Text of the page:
This neural memory of pain has been studied extensively. In a review of his earlier studies, Woolf[1] noted that the enhanced reflex excitability after peripheral tissue damage does not depend on continuing peripheral input; rather, hours after a peripheral injury, spinal dorsal horn neuron receptive fields continued to expand. Investigators have also documented the importance of the spinal NMDA receptor to the induction and maintenance of central sensitization.[2]

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      #3
      Hi L2R,
      I would echo what TAM63 has brought up. I have heard that there are physical and radiographic changes in the brain that can be demonstrated by MRI with repeated painful stimuli. In my study of one (myself), I feel that my pain threshold has been lowered. I have put up with a level of constant pain so long that I don't have the endurance to manage more. It is like the straw that breaks the camel's back (what a fitting analogy for SCI ! ) This may be more of a psychological phenomenon but I guess all psychological processes can be reduced to physical processes....
      Again, just an observation of myself. I know I used to have a high threshold for pain and honestly, if you could graft my neuro pain as I sit here writing this to some able bodied person, as for as I know they may be wondering what the hell is wrong with them and dialing 911.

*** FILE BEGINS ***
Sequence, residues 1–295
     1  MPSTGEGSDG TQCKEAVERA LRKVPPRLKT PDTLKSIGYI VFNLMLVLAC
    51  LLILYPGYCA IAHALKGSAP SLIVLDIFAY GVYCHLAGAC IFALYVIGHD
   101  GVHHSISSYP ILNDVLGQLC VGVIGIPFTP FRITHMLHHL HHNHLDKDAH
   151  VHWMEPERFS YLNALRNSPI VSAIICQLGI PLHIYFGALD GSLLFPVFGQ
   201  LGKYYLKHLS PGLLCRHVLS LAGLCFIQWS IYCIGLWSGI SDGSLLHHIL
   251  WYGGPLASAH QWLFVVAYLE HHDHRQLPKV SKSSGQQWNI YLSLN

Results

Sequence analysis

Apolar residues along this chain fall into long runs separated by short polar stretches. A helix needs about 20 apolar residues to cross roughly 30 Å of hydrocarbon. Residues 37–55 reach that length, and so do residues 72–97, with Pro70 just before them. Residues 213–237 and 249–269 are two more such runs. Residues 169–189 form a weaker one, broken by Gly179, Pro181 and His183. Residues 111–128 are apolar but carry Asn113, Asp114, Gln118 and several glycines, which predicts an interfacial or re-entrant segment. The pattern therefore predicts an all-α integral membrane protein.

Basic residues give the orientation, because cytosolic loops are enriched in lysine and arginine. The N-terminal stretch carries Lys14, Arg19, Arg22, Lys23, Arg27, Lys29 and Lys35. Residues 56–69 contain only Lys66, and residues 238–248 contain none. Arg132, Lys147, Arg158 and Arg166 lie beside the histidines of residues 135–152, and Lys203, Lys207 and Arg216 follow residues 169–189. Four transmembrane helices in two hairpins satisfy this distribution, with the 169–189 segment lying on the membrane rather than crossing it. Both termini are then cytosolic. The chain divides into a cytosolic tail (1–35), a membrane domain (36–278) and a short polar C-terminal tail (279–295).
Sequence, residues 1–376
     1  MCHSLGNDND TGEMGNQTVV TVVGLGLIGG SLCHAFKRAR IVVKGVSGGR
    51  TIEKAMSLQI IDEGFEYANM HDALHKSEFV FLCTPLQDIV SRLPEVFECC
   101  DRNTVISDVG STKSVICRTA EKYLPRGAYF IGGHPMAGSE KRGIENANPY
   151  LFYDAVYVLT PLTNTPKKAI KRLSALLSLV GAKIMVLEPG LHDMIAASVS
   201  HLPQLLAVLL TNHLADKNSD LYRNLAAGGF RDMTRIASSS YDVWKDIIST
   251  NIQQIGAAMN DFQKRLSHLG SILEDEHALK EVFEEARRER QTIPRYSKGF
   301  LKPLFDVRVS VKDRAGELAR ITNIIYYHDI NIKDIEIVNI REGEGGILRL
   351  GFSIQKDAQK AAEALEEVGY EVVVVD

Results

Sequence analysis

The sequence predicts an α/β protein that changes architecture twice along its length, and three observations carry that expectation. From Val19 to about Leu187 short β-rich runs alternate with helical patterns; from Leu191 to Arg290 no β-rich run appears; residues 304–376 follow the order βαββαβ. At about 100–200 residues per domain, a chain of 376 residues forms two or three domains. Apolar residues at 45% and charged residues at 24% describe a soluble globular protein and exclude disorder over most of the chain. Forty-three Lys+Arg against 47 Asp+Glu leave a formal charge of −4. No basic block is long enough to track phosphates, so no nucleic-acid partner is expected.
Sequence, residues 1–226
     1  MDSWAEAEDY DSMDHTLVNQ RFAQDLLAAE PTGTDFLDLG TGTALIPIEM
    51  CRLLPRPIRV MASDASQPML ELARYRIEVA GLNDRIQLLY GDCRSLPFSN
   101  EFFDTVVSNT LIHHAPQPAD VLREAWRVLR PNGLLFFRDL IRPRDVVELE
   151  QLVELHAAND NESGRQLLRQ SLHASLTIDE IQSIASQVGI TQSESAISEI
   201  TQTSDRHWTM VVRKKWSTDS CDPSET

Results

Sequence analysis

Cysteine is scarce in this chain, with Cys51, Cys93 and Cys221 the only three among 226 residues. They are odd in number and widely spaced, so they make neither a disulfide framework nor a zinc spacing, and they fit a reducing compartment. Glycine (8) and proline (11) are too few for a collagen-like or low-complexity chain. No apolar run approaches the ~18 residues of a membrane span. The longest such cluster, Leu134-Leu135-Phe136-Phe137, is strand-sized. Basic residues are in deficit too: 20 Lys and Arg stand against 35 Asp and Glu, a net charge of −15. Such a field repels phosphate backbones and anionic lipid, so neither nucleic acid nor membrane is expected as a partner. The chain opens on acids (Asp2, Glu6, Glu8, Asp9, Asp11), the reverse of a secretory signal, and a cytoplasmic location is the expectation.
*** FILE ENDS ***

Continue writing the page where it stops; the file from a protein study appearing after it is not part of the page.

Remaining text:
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        #4
        I just had an apicoectomy (peel back gum, drill through jaw bone, cut off roots of tooth). For various reasons I dreaded having this done.
        I have a decreased tolerance for pain since being injured (and dealing with constant neuro pain).
        Rich

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          #5
          Rich - any sane person would dread having that procedure done!

          I think you guys are right. Today my legs are buzzing like hell, my foot is burning and my bladder has gone bizurk so all of a sudden I feel old and worn out - my good foot is aching all the way through the arch and into the toes. So I worry that there is something going on but perhaps its just the neuro pain wearing me out. Ho hummm..... unfortunately I have also run out of anything stronger than the Endep and Voltaren. Did someone say that upping the dose of Endep can help on bad days? (I normally just take 10mg which does the trick but not doing much tonight).

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            #6